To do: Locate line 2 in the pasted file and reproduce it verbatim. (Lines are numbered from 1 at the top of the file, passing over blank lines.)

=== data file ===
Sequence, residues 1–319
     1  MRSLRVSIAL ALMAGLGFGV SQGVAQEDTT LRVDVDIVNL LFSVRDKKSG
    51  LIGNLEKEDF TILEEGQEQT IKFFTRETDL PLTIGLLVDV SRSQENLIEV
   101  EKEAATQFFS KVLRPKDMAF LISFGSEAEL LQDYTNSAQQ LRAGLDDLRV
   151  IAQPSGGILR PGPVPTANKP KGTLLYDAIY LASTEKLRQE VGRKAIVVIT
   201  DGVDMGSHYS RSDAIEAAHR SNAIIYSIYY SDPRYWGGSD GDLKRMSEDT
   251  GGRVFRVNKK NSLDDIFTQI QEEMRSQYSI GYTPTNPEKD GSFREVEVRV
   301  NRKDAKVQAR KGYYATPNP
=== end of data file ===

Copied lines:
     1  MRSLRVSIAL ALMAGLGFGV SQGVAQEDTT LRVDVDIVNL LFSVRDKKSG